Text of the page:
College campuses have long been strongholds of free speech in all shapes and forms. That stance has seemed to shift in recent years, however, and because of many outbursts against speakers and students alike, the general public is beginning to believe that free speech is most threatened within the sacred halls of learning.
A recent survey produced by Gallup and several other organizations set out to see if such was truly the case. As it turns out, college students are very supportive of free speech protection, with nearly nine in ten labeling it as “very” or “extremely important.”
But as the study goes on to demonstrate, students are rather conflicted over how far free speech should go. When asked if hate speech should be protected under the First Amendment, roughly 65 percent said no, despite the fact that “court rulings have generally held that hate speech is a protected form of expression.” The report explains:
“When asked about campus policies that restrict certain types of expression, nearly three-quarters of students (73%) think colleges should be able to restrict racial slurs, and 60% say the same about stereotypical costumes. However, 30% think the expression of offensive political views should be restricted on campus.”
This is interesting because it seems to suggest that students are experiencing a bit of a moral dilemma. Clearly they realize that the Constitution enshrines free speech and they’re happy about that. But on the other hand, they also have a problem with hate speech and want to see it suppressed. They can’t reconcile the fact that the Constitution actually allows for behavior that they deem – and which often is – inacceptable.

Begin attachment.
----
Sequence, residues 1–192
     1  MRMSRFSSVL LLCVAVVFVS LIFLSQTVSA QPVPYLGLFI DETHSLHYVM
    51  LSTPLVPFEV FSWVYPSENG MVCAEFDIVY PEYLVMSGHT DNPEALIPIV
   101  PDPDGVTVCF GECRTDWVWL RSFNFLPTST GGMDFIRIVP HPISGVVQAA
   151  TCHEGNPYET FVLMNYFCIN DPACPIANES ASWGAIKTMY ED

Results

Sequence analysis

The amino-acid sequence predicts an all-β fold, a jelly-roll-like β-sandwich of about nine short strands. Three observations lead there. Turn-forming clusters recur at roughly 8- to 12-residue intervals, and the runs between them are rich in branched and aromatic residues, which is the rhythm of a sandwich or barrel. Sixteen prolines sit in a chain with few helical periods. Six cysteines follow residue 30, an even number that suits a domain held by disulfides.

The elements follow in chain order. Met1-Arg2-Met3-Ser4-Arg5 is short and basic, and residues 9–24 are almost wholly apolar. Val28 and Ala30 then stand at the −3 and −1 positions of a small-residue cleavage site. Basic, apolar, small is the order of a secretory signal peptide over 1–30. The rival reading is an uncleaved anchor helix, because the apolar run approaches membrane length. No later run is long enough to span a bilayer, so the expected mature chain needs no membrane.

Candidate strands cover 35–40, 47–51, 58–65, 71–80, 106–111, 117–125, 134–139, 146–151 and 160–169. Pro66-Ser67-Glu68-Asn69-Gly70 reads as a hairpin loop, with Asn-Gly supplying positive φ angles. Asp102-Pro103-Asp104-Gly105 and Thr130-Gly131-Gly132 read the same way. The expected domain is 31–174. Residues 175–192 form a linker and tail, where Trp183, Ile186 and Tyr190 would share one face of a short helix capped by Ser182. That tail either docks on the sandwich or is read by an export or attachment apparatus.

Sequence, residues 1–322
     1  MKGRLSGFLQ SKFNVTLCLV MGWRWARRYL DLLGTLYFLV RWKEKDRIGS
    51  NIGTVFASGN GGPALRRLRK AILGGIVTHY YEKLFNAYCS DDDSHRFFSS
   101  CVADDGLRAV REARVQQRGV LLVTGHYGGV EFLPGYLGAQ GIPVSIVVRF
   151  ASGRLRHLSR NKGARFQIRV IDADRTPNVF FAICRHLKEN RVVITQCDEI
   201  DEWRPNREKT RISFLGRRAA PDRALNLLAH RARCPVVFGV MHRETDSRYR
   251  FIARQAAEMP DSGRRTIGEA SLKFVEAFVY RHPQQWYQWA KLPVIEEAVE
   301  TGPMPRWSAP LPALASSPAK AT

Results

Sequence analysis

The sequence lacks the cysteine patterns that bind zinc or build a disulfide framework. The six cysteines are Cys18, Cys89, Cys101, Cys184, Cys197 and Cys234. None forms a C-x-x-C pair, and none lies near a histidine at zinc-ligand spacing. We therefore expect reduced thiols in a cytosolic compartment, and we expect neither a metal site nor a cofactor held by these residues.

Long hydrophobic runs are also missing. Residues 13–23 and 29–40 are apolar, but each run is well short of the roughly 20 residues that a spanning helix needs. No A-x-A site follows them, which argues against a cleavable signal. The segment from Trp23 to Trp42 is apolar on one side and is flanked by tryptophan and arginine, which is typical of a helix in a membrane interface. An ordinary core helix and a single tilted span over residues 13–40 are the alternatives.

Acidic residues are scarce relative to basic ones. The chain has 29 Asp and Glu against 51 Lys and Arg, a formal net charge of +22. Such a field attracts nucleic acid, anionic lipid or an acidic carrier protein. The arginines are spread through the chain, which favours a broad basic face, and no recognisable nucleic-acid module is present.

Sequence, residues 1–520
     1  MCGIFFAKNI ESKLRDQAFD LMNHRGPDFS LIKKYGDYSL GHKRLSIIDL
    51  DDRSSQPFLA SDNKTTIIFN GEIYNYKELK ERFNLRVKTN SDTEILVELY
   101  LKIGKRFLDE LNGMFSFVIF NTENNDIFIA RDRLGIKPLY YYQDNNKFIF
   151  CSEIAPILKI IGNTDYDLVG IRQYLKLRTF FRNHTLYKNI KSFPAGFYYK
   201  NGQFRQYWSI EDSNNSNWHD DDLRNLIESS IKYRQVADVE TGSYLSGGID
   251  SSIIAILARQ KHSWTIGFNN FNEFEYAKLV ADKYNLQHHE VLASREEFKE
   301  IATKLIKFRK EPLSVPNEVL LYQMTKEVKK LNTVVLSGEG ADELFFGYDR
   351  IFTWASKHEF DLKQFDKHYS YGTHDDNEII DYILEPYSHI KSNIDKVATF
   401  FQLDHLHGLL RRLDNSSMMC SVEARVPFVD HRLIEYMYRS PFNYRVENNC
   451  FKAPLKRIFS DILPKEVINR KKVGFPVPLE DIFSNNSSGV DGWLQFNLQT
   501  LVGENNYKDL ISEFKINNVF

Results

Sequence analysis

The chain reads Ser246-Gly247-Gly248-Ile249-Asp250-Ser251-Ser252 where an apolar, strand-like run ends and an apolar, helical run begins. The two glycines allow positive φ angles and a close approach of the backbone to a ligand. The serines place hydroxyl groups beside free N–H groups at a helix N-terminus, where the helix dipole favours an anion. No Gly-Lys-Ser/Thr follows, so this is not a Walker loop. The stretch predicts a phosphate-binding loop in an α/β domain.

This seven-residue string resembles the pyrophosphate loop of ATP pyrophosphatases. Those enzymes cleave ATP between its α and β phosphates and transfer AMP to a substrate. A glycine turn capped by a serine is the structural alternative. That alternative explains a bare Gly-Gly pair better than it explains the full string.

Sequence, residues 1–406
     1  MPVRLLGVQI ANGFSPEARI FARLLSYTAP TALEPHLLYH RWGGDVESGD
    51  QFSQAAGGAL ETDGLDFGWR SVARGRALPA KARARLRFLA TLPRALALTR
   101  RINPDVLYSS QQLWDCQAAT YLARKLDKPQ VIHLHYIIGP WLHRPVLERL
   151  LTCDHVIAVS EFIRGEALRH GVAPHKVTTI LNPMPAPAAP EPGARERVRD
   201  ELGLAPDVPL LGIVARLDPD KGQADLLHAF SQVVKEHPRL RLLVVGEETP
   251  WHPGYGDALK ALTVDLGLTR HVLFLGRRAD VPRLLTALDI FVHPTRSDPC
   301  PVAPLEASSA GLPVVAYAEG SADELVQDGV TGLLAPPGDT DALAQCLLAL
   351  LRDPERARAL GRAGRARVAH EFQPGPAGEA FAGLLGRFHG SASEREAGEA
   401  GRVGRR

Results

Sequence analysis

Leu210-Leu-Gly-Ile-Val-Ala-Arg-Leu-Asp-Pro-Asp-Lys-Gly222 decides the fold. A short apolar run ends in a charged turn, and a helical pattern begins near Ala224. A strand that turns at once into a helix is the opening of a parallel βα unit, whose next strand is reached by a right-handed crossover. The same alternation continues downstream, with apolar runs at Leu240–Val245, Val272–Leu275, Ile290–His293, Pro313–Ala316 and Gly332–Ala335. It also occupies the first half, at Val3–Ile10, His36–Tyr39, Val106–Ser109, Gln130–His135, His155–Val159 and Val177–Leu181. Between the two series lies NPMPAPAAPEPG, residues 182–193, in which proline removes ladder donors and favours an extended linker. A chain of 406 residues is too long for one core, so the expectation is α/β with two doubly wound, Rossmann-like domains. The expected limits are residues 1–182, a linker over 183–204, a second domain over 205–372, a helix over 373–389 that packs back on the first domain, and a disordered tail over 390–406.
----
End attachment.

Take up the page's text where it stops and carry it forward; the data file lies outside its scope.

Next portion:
What many of those same college students don’t understand, however, is that the American Founders set up the Constitution knowing full well that its freedoms protected inappropriate attitudes and actions as well as good ones. Charles Murray explains in his book Coming Apart that “the unbridled freedom” which the Founders set forth in the Constitution was only possible inasmuch as their external behavior was guided from a moral compass within. When that moral compass is broken, the government enshrined in the Constitution is difficult to maintain, a fact which Murray makes clear by citing an 1825 quote from Francis Grund, a German-born journalist:
“No government could be established on the same principle as that of the United States, with a different code of morals. The American Constitution is remarkable for its simplicity; but it can only suffice a people habitually correct in their actions, and would be utterly inadequate to the wants of a different nation. Change the domestic habits of the Americans, their religious devotion, and their high respect for morality, and it will not be necessary to change a single letter of the Constitution in order to vary the whole form of their government. The circumstances being altered, the same causes would no longer produce the same effects; and it is more than probable, that the disparity which would then exist between the laws and the habits of those whom they are destined to govern, would not only make a different government desirable, but absolutely necessary, to preserve the nation from ruin.”
That’s a sobering thought, particularly since Americans believe the moral values of the country are worsening with each passing year. This decline should come as no surprise, for we’ve long been told that morality doesn’t matter, that the morally correct action is simply what feels right, and that the teaching of absolute truths is unhelpful and divisive.
But are strong moral values more necessary than we’ve realized? By neglecting them, are we damaging the foundations which undergird our nation?
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